Kulsan Khatun, 48-yearold resident of Mahottari district Ward Number 6, welcomes visitors to her farm with sparkling smile. “I started farming vegetables like bottle gourd, pumpkin, sponge guard, cucumber, bitter guard, beans and okra by applying climate-friendly method. Among them, okra, cucumber, pumpkin, sponge guard, bottle gourd are ready to be sold and beans have just started flowering.” Her land has become a source of livelihood for her family of 15 members.
It now fulfills the vegetable needs of her family and has also become the main source of income. With some regret she continues explaining, “I was involved in farming for a long time but due to inadequate knowledge about adaptation farming, and appropriate seed quality, I always experience crop failure due to infection of unwanted insect and pest. After only small quantities of vegetables were produced, she felt discouraged.
But the support of Local Initiatives to Reduce Impacts of Climate Change (LIRIC) project implemented by ADRA and CDAFN and funded by European Union, motivated her to restart vegetable farming. The Climate Field School conducted by the project really helped her a lot. “The project staffs showed us practical demonstrations of various vegetable farming which is very useful for us and I followed that system of farming nowadays which benefits me a lot.” She further mentions, “Before, I started this, we had to buy vegetables worth Rs 500 every day to put three meals on the plate for our family and that too was not sufficient.”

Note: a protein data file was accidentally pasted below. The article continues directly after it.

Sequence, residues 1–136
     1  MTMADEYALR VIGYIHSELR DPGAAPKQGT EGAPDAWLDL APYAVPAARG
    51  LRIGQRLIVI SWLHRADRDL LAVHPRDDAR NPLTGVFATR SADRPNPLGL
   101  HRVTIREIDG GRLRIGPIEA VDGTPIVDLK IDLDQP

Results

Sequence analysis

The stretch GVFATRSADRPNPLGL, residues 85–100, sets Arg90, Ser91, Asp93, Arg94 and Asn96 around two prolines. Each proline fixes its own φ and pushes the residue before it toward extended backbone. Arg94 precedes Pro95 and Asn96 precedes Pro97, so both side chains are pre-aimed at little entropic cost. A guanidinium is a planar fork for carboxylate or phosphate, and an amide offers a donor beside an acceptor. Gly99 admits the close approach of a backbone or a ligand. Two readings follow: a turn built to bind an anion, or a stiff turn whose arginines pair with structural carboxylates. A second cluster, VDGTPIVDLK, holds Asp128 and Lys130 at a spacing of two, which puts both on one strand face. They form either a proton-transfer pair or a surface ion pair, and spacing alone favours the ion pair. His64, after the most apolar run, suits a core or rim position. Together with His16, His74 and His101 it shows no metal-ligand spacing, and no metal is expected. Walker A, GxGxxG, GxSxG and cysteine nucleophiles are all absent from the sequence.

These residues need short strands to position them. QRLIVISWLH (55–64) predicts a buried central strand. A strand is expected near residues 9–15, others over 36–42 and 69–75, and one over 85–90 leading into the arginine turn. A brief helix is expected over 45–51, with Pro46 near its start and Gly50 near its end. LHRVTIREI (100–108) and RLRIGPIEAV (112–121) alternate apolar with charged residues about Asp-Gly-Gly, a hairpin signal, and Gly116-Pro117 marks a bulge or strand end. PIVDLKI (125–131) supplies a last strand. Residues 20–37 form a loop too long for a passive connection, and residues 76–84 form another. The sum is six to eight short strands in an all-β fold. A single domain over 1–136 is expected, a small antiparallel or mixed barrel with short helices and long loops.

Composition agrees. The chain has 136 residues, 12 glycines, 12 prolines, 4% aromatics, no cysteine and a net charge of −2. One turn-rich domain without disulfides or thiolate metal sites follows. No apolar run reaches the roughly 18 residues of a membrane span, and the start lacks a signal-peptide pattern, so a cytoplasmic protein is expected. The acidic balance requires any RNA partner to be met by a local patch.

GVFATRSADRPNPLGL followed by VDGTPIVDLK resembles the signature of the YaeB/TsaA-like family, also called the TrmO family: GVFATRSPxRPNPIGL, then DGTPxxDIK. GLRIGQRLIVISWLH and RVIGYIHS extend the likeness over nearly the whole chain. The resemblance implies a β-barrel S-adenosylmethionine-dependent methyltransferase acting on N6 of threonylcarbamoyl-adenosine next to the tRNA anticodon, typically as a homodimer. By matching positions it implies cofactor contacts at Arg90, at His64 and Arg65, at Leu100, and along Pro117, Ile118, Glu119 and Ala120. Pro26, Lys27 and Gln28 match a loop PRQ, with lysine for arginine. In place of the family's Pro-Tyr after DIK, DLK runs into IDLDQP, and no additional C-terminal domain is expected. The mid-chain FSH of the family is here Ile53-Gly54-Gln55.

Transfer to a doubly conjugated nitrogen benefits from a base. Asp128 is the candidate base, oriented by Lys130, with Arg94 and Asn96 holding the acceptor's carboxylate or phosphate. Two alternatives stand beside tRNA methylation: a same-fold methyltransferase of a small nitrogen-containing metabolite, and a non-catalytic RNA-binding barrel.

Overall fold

But now the family is not worried about buying vegetables. Instead, they can eat as much vegetables as they want from their own land and sell the surplus. According to Kulsan, she saves around Rs 10,000 when she doesn’t have to buy vegetables. She also opened a bank account in her granddaughter’s name and has started saving Rs 3,000 a month so that she can use it in the future.